In the midst of a society that is dominated by mass consumption and synthetic food substances, one D.C. organization is speaking up for organic food and the protection of the American farmlands that produce it.
Founded in 1980, the American Farmland Trust is a D.C.-based organization dedicated to protecting farmlands across America from destruction caused by urban development. On Wednesday, the AFT kicked off their second annual Dine Out for Farms week, which will take place Oct. 16 through 22. Various restaurants in the D.C. area and throughout the U.S. will participate in the event by informing customers about the importance of farms in providing them with the food they eat, and by donating to the AFT.
On hand at the kick off event, which took place at the Founding Farmers restaurant, was Mike Isabella, celebrity chef and owner of Graffiato, a participating restaurant in this year’s event.
“Working with local farmers supports their business and the economy, hopefully making it more affordable for more Americans to eat locally sourced, fresh and healthy food,” Isabella said in a press release.
AFT President Jon Scholl encourages restaurants to support local farms and cook their food with local ingredients.
“The restaurant community’s support of local farms is crucial, given that the Mid-Atlantic States have been losing more than 200 acres of farmland a day to sprawling development,” Scholl said in a press release. “Between 1982 and 2007, that totaled about 2 million acres, or an area bigger than the entire state of Delaware.”
Also on hand at the kick off was Bev Eggleston, owner of EcoFriendly Foods, a Virginia-based network of buyers and growers that supports family farms and small businesses. According to Eggleston, a lack of farmland leads to a lack of farmers, which makes it more difficult to buy locally.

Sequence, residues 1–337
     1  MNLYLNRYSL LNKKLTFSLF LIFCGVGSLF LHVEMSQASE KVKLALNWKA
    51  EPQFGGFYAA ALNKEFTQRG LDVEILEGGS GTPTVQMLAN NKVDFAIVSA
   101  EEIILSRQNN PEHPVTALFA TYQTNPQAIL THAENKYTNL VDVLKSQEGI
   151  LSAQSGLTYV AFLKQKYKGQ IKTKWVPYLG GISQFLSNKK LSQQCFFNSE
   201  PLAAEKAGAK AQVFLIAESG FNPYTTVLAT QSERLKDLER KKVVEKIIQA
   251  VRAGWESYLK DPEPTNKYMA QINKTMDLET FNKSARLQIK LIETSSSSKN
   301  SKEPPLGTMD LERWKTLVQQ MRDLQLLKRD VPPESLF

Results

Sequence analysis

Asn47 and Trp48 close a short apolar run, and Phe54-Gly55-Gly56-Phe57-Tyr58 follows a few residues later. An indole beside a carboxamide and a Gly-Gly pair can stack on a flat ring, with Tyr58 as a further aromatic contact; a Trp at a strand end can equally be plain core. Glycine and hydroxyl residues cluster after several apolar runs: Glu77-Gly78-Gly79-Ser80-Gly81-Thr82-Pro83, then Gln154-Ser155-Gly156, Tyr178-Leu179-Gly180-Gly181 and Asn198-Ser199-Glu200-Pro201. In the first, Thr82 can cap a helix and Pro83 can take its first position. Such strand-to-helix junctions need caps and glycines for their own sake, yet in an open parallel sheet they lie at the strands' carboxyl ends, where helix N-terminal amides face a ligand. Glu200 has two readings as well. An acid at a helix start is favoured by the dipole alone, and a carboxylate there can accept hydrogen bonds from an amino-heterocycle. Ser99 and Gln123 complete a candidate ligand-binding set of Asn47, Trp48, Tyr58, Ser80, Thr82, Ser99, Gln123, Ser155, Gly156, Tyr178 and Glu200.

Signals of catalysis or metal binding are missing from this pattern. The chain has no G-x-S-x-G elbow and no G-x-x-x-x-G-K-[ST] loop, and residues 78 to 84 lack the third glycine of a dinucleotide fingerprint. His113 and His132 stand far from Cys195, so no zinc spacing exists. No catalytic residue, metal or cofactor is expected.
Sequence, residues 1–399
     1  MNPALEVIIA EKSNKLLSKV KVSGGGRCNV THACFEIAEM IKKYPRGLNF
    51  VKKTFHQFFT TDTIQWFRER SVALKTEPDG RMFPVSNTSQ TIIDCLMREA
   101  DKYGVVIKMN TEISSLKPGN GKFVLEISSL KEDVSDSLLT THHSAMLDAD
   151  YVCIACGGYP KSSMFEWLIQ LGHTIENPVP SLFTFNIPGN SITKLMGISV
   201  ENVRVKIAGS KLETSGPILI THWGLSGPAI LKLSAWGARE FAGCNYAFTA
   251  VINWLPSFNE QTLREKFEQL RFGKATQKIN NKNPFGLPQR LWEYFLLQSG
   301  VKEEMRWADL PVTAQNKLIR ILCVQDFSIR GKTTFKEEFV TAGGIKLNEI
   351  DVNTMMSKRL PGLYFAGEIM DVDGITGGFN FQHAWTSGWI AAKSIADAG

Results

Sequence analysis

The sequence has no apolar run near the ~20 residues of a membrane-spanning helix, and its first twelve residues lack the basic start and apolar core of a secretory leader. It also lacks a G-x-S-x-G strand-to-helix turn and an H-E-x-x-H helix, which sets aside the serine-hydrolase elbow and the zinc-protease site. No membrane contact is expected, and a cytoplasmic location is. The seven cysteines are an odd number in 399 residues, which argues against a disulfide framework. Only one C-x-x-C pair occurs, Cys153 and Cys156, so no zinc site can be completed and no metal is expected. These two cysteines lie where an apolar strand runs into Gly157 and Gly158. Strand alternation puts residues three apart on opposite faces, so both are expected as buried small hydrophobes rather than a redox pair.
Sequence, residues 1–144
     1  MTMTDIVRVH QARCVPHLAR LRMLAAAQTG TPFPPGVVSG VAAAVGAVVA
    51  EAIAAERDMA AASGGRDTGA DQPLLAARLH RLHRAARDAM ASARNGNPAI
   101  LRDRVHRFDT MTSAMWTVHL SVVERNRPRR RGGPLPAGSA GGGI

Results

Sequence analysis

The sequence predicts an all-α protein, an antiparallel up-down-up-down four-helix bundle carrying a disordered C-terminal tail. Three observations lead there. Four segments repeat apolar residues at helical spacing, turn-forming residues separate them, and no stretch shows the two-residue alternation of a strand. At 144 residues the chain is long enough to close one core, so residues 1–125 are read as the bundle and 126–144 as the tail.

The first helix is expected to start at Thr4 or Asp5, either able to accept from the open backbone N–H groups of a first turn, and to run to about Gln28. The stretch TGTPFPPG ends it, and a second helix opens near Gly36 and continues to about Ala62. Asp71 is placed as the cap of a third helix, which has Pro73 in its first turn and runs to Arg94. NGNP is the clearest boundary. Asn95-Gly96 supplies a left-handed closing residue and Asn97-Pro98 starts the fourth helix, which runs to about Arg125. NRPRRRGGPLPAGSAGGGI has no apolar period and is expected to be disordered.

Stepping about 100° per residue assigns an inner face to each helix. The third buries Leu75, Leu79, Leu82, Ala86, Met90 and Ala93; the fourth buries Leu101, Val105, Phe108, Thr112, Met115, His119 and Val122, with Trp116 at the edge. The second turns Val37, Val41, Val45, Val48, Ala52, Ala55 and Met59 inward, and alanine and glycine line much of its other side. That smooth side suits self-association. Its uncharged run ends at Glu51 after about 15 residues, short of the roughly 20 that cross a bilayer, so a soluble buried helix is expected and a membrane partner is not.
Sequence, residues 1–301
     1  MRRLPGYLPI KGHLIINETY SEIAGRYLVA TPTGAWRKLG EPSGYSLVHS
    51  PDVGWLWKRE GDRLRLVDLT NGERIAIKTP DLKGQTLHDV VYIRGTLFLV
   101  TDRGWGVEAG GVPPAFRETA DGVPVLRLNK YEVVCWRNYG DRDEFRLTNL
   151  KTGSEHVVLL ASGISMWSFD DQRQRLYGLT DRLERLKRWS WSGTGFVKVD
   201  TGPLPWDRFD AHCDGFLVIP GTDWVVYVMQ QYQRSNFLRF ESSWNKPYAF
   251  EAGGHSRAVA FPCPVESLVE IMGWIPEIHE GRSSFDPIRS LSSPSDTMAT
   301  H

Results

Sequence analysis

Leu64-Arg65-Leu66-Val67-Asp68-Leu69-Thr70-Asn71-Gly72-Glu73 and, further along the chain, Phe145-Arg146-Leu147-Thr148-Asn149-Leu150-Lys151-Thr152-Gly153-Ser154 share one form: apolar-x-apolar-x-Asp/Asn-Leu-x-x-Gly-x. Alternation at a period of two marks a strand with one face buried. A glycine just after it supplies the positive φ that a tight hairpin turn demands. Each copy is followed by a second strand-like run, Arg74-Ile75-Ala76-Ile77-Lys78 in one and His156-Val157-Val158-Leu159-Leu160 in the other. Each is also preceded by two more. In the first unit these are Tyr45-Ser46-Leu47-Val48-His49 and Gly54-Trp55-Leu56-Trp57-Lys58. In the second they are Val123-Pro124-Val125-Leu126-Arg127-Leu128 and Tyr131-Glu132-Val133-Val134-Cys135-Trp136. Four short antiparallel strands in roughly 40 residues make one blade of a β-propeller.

“Ninety percent of the farmers I knew when I moved back to Virginia in 1990 are no longer farming,” Eggleston said. I’m working with ten percent of the original farmers.”
According to Chef Isabella, buying local is not just an issue of being green, it’s an issue of quality as well.
“The more we help the farmers out, the better product we get at the table,” Isabella said. If the product is local and seasonal, the flavor is there.”
During Dine out for Farms week, participating restaurant owners will promote local farmers by serving special dishes, donating a percentage of sales or making straight donations to AFT. Isabella believes the best way to show customers the benefit of fresh food is not through rhetoric, but through the food itself.
“My way of teaching them is by evolving my menu,” Isabella said, “and not just being at the table explaining to them why, but them tasting it and understanding. I think that’s the best way for me to do it.”
In addition to Graffiato and Founding Farmers, other D.C. restaurants participating during the week include America Eats Tavern, Café Milano and Pinkberry. For a complete list of participating restaurants, go to FarmLand.org/Dineout.